Q. Is there any rule for placing the connection between the shafts and the sleigh? If so, please illustrate as plainly and briefly as possible.
A. The accompanying outline sketch plainly illustrates the answer to the above question. To determine the line of draft or traction, we must first find the center of gravity between the point of traction and extreme resistance. These are shown in the drawing.
D is the point of traction
B is the point of extreme resistance
A is the base line and bottom of runner
C is the front of the runner
E is top of the sleigh bottom
From the earth to the bottom of the tug-strap bearing, or bottom of the shaft at that point resting in the tug-strap, for the average horse, is about forty-two inches, or ranges from forty inches to forty-four inches. We take forty-two inches as the mean average, which is at D. The tug-strap on the average horse, in a majority of cases, is about eighty inches from the point of connection with the vehicle. Having located these two distances, draw a line from D to B, and obtain the line of connection C.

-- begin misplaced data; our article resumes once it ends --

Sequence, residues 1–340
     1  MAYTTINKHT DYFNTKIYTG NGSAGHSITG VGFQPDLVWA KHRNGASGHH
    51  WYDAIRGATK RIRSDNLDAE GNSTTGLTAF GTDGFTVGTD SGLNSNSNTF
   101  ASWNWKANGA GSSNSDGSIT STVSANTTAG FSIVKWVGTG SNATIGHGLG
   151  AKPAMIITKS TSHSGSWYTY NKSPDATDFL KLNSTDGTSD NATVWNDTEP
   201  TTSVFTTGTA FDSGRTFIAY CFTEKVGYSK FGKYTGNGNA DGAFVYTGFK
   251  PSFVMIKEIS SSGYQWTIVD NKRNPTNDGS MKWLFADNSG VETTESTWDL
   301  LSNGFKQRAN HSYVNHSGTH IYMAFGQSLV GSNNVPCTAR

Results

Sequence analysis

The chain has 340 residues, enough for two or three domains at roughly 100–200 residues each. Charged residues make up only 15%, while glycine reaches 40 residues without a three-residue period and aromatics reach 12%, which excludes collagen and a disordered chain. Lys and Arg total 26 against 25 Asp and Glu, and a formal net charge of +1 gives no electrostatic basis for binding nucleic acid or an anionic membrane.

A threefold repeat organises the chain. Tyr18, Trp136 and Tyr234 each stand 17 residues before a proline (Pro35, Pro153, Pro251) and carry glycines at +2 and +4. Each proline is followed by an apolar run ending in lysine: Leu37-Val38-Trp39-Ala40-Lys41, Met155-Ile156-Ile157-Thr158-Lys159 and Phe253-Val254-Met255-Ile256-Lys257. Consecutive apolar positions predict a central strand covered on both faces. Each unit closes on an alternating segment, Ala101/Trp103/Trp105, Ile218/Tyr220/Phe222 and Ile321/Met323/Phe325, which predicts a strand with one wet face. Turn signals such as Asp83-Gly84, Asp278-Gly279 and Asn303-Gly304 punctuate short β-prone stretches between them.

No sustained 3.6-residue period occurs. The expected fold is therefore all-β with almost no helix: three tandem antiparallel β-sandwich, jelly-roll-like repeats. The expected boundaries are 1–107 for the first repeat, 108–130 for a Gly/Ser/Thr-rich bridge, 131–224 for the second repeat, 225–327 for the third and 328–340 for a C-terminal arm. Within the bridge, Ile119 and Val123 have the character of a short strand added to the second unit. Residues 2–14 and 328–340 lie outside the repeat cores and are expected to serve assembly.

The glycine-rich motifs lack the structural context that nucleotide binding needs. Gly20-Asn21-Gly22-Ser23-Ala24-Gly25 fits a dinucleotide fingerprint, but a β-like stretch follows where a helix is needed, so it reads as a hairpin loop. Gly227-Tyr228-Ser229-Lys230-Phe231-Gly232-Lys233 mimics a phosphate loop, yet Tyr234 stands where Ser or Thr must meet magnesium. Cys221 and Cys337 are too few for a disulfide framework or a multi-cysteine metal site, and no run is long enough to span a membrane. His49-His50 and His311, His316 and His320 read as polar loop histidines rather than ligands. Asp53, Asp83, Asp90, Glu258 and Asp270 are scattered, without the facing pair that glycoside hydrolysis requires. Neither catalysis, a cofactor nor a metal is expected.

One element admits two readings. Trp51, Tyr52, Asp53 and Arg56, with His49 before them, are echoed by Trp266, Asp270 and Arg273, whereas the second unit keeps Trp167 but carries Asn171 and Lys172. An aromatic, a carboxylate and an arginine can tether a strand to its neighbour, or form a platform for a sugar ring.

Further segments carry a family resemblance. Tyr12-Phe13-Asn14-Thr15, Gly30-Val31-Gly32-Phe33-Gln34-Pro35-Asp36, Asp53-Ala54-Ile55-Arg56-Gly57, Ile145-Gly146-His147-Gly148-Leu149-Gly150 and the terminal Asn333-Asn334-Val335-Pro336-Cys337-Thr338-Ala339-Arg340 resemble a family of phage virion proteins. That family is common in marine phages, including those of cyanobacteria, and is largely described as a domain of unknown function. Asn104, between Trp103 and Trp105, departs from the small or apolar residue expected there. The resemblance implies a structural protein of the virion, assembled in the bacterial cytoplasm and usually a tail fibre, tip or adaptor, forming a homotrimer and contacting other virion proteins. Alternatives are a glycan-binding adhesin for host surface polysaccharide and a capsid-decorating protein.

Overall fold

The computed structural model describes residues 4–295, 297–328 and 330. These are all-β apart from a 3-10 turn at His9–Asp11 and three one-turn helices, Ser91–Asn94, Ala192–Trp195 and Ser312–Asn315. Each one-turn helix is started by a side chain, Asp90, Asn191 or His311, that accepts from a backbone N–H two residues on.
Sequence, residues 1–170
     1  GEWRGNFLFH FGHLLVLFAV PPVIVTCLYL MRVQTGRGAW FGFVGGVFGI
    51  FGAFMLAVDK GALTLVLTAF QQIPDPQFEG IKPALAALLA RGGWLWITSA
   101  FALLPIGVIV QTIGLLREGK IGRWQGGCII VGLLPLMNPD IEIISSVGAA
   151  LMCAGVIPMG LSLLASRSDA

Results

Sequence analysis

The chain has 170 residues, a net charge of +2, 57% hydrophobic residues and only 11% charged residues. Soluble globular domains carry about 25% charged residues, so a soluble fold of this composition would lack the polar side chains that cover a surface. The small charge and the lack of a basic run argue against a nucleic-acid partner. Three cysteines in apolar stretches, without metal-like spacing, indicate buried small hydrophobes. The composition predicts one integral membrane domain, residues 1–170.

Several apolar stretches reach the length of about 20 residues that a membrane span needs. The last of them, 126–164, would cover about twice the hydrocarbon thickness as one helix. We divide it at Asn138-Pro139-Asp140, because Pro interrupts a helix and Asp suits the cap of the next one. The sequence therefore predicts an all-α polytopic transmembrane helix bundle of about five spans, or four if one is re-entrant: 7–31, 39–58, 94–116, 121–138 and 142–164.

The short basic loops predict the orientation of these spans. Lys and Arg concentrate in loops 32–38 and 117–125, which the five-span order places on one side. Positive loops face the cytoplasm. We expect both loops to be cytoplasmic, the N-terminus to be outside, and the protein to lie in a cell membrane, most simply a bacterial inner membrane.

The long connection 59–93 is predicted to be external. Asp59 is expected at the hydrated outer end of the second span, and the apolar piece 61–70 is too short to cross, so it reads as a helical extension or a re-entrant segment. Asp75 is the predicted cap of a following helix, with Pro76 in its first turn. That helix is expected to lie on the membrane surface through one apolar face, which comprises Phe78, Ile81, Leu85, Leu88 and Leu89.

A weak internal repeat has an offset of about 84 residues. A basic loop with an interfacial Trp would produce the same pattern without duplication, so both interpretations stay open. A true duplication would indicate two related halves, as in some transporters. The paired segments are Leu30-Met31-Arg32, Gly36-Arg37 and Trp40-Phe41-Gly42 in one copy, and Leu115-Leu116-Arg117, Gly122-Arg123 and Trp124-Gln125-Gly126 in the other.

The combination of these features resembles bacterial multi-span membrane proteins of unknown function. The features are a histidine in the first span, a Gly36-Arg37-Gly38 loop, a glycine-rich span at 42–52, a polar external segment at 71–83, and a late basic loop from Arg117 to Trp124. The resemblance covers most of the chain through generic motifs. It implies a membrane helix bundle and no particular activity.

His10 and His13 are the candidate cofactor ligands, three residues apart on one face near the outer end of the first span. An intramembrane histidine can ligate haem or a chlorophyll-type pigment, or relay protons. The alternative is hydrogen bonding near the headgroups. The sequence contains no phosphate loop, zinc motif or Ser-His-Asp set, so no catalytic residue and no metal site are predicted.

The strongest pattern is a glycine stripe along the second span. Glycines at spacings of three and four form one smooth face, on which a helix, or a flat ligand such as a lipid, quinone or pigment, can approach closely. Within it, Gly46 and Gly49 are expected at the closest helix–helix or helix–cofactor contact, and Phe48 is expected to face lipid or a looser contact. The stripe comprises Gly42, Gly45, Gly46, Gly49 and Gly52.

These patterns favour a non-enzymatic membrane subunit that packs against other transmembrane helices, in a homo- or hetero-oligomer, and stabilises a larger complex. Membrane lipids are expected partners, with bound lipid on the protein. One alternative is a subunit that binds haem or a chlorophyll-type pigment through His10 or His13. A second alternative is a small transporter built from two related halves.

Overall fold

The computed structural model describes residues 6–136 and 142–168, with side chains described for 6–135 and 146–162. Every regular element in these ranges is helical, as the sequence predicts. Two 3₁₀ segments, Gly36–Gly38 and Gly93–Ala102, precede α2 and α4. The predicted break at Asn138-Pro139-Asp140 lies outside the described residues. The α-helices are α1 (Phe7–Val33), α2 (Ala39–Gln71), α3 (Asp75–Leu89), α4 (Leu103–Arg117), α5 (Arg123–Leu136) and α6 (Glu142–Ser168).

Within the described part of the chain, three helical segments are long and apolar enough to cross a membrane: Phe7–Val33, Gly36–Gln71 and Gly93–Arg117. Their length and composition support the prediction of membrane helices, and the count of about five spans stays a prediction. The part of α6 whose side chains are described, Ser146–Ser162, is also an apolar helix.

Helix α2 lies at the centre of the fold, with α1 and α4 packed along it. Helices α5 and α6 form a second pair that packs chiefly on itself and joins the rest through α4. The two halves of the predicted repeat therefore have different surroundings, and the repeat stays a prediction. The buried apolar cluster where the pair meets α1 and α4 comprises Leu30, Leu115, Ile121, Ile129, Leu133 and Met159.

For economical purposes, the connection is usually, in this and most countries, made in front of the front posts, as at F – that is, for light sleighs or cutters. With the heavy and larger grades it is customary to put the jacks or connection on the nose-plates.
In Russia and Asiatic countries it is customary to make the connection with the runners only, using a long round pole for the purpose. The same custom prevailed in this country, with the purpose. The same custom prevailed in this country, with the freight sleighs and heavy sleighs, until about 1838.
From The Hub, June 1893
Also available in Horse Drawn Sleighs by Susan Green